Dark Avenues
Get Dark Avenues essential facts below. View Videos or join the Dark Avenues discussion. Add Dark Avenues to your PopFlock.com topic list for future reference or share this resource on social media.
Dark Avenues
Dark Avenues
Dark Avenues.jpg
AuthorIvan Bunin
CountryFrance
LanguageRussian
Genreshort story
PublisherNovaya Zemlya, New York City
Publication date
1946 (France)
Media typeprint (Hardback & Paperback)
ISBN978-1-84749-047-6

Dark Avenues (or Dark Alleys, Russian: , romanizedTyomnyie alleyi) is a collection of short stories by Nobel Prize-winning Russian author Ivan Bunin. Written in 1937-1944, mostly in Grasse, France, the first eleven stories were published in New York City, United States, in 1943. The book's full version (27 stories added to the first 11) came out in 1946 in Paris. Dark Alleys, "the only book in the history of Russian literature devoted entirely to the concept of love," is regarded in Russia as Bunin's masterpiece.[1] These stories are characterised by dark, erotic liaisons and love affairs that are, according to James B. Woodward, marked by a contradiction that emerges from the interaction of a love that is enamoured in sensory experiences and physicality, with a love that is a supreme, if ephemeral, "dissolution of the self."[2]

History

In 1942, when most of the European Russian emigres were hastily preparing to flee for America, Bunin with his wife, Vera Muromtseva, destitute as they were, decided to stay in France. Journalist Andrey Sedykh visited Bunin just before departing to the USA. As he was ready to leave the house, the writer said to him: "Last year I wrote Dark Alleys, a book about love. There it is, on the table. What am I to do with it here? Take it with you to America; who knows, may be you'll manage to publish it."[3][4] In 1943 600 copies of the book were printed by a small New York publishing company Novaya Zemlya (New Land).[5] Out of twenty stories Sedykh took with him only 11 were included: "Dark Alleys", "Caucasus", "The Ballad", "The Wall", "Muse", "Late Hour", "Rusia", "Tanya", "In Paris", "Natalie" and "April" (the last one later got excluded by the author from the second edition).[6]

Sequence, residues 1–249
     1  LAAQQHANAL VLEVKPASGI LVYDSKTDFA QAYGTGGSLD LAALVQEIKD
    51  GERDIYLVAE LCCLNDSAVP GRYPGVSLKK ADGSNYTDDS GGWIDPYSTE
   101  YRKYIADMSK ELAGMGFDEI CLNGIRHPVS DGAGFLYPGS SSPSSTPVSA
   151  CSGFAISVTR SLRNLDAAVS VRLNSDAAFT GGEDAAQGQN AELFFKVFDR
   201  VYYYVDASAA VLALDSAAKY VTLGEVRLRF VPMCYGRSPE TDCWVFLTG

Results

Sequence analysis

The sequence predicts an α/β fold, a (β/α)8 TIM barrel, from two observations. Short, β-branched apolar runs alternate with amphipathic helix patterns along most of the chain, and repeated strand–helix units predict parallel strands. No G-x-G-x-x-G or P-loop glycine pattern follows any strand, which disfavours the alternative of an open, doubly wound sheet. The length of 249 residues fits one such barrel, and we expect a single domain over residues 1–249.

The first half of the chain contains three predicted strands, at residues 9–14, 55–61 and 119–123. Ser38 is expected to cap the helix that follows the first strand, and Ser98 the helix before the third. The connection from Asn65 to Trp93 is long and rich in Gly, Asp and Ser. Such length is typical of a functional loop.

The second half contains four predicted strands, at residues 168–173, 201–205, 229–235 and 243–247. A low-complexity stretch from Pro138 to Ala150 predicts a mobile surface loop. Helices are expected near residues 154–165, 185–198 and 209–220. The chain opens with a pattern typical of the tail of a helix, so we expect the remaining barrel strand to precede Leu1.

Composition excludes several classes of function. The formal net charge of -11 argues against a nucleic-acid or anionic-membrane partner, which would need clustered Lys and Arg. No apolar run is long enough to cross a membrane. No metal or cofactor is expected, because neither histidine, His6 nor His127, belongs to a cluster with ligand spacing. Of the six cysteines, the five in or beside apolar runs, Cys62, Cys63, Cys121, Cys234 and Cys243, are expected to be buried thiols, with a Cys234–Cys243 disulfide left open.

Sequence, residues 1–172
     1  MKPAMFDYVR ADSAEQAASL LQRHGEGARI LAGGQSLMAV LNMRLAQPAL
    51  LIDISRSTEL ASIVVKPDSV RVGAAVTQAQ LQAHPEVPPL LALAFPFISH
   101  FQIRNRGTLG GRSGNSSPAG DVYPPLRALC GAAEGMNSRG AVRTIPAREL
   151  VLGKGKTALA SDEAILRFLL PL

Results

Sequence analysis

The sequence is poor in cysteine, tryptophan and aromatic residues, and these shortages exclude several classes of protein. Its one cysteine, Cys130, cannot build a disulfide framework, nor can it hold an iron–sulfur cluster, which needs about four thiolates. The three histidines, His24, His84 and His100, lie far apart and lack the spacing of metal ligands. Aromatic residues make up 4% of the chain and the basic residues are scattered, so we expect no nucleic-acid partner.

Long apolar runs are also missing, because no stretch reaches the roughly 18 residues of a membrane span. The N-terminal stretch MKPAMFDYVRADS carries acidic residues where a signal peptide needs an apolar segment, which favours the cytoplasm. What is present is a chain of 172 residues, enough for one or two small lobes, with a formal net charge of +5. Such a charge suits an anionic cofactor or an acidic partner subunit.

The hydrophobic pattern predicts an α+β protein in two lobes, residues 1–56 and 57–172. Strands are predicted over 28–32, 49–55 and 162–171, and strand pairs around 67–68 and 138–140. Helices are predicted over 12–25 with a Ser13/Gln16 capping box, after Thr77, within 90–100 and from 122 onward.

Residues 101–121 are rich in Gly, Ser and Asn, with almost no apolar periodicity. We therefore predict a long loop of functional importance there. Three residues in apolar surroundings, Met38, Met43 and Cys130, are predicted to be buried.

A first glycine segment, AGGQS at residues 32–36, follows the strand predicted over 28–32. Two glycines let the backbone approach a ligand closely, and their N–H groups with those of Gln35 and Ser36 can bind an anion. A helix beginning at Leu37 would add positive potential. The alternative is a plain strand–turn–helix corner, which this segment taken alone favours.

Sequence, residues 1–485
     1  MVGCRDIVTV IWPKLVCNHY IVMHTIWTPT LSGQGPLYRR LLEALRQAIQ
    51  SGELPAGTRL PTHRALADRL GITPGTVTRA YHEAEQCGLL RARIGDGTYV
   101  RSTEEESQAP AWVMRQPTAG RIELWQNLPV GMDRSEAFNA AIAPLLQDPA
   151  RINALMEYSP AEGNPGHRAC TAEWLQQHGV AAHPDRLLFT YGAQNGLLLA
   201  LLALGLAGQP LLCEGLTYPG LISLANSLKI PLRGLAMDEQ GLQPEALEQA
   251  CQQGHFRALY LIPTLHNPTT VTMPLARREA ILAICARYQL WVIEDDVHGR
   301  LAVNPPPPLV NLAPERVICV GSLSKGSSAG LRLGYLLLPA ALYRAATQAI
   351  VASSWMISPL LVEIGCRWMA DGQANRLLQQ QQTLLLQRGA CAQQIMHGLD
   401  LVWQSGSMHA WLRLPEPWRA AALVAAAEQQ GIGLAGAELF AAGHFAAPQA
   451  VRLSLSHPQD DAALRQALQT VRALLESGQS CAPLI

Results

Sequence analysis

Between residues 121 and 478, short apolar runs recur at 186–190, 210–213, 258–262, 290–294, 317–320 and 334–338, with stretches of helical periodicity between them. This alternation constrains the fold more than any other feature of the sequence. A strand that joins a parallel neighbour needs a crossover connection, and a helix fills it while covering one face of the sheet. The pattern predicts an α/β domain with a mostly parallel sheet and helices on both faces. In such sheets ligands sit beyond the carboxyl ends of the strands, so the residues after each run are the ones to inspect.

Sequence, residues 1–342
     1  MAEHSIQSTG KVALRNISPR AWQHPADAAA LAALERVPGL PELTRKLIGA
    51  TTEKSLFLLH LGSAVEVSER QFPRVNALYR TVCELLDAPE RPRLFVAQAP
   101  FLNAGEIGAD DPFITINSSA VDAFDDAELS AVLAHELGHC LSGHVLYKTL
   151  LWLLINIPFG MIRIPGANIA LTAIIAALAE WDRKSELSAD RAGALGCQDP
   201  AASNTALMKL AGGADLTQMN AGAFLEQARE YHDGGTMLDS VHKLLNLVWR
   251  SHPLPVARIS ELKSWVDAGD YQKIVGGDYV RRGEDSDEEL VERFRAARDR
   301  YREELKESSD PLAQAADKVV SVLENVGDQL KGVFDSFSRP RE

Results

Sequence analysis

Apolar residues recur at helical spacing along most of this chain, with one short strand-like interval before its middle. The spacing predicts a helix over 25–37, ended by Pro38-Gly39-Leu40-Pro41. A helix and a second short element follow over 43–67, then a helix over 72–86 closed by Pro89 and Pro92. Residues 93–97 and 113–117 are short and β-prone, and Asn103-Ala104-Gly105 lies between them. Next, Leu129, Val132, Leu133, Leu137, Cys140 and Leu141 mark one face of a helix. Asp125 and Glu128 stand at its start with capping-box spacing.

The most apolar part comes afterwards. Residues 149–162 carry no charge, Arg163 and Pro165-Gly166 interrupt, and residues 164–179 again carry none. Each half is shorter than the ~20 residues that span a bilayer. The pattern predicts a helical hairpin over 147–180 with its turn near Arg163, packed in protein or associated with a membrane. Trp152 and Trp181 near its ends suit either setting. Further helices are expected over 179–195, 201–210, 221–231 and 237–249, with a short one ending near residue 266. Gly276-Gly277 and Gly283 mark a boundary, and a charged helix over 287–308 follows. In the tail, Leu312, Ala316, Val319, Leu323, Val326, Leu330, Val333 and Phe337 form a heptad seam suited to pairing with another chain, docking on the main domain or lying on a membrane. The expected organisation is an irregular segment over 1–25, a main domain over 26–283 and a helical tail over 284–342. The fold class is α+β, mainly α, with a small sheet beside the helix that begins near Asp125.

Dark Alleys full version (38 short stories) came out in 1946 in Paris, 2,000 copies printed. On June 19, 1945, the book was premiered at a public recital show in Paris which (according to Soviet Patriot, an immigrant newspaper based in Paris) was highly successful.[7] But the general response to the book was indifferent, according to Georgy Adamovich. "[The French] press reviews were mostly positive, occasionally even ecstatic, for how could it be otherwise, but unofficial, 'spoken' opinions were different and it caused Bunin lots of grief," the critic remembered.[8][9] It was translated into English by Richard Hare and published in London by John Lehmann as Dark Avenues and Other Stories in 1949.